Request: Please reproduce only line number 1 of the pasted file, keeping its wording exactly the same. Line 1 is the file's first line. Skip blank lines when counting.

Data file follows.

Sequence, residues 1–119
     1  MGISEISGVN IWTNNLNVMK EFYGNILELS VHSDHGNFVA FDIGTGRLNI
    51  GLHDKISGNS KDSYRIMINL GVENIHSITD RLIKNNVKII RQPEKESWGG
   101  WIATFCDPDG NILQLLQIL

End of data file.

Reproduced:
Sequence, residues 1–119